By supporting The Wetlands Conservancy today you are making an impact on the water, wildlife and land of Oregon’s wetlands. Your donation goes directly to protecting and preserving the wetlands you love today for tomorrow!

Consider making a monthly donation when you make your pledge.
To increasing your monthly amount, contact us at 503.227.0778, or email Pat Kaczmarek at patkaczmarek@wetlandsconservancy.org.

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If you share our vision of partnering with communities across Oregon to conserve, enhance and restore the physical and ecological values of Oregon’s greatest wetlands, you can make conservation of these lands a part of your own legacy by making a planned gift to TWC. A planned gift will allow you to maximize the financial rewards of your philanthropy as these gifts are structured to help you realize the full range of the tax and income incentives provided by law to encourage charitable giving. A planned gift is a great way to ensure that future generations will value Oregon’s wetlands.

Your planning today helps ensure that Oregon wetlands will be protected for future generations. We strongly recommend that you consult with your attorney, accountant and/or financial advisor in evaluating which options might be appropriate for you.

Support The Wetlands Conservancy and retain control of your assets during your lifetime. Create a legacy that reflects your values by making a bequest. A bequest is one of the simplest ways to support TWC. These thoughtful gifts ensure that the Conservancy can continue our critical work to protect the lands you care about for future generations.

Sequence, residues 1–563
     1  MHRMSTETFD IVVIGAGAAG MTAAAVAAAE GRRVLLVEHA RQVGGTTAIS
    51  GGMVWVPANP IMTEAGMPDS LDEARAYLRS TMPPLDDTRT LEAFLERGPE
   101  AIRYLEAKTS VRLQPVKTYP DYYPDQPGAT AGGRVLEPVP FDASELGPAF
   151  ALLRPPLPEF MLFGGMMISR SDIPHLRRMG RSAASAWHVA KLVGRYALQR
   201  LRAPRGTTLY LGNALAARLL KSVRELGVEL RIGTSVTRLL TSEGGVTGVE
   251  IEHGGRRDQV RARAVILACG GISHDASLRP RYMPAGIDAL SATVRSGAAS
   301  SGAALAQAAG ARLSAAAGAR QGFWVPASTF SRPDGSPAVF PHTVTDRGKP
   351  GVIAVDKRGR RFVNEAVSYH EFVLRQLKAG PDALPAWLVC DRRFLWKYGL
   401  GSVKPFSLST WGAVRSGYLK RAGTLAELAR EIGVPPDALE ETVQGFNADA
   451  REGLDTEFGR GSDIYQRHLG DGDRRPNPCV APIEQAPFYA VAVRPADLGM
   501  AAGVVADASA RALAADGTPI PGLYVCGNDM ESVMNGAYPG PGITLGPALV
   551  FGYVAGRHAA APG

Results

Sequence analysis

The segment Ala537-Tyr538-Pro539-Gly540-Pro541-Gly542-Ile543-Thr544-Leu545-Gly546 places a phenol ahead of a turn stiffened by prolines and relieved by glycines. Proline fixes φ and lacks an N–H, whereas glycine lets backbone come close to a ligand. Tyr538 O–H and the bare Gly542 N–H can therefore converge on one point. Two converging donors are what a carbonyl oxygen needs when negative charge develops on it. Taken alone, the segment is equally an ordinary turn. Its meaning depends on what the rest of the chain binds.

Donating stocks, bonds and mutual funds directly provides an income tax deduction for the full value of the stock while avoiding capital gains taxes. TWC will sell your stock and put the proceeds towards our land conservation, wetland restoration and stewardship programs. If you are planning a gift of stock, please contact the Wetlands Conservancy office by phone for assistance— and to make sure we have the information we need to thank you for the gift!
Real Estate
Donate residential, commercial or undeveloped real estate and provide support for conservation while saving on taxes and reducing responsibilities associated with property ownership.
Retirement Plan
Name The Wetlands Conservancy as a beneficiary of your IRA, 401k and or qualified plan.
Life Insurance Gifts
Name the Wetlands Conservancy as a beneficiary of your life insurance policy and save on estate taxes.
Endow TWC with a cash gift at any time. This action will maximize your charitable deduction and provide funds for conservation immediately. You may direct your gift to a specific land acquisition or area where we are currently working. Check our website for locations and descriptions of our current projects. Your entire gift will go to the location you identify.
Contact us to learn more about planned giving and estate planning.



The Wetlands Conservancy is a member of EarthShare, a nationwide network of America’s leading nonprofit environmental and conservation organizations, which works to promote charitable giving through workplace giving campaigns. By contributing to The Wetlands Conservancy through EarthShare, you may pledge a specified amount from each paycheck to be automatically deducted. Your donation will have an immediate impact in helping us conserve Oregon Greatest Wetlands.

Some ESOR companies match their employees’ ESOR donations 100%. Spread the word about The Wetlands Conservancy to your work mates. For more information about EarthShare, including how your employer can host its own campaign, go to EarthShare’s website.


Multiply your gift to The Wetlands Conservancy with an employer- matched gift. Matching gifts are a great way to increase an individual donation with an additional contribution from your employer, and for companies to support the causes and concerns that are important to employees. Simply, obtain a matching gift form from your (or your spouse’s) employer’s Personnel or Community Relations Departments, fill in the donor portion and forward it to us at The Wetlands Conservancy.


Photo Credit: Russel Tomlin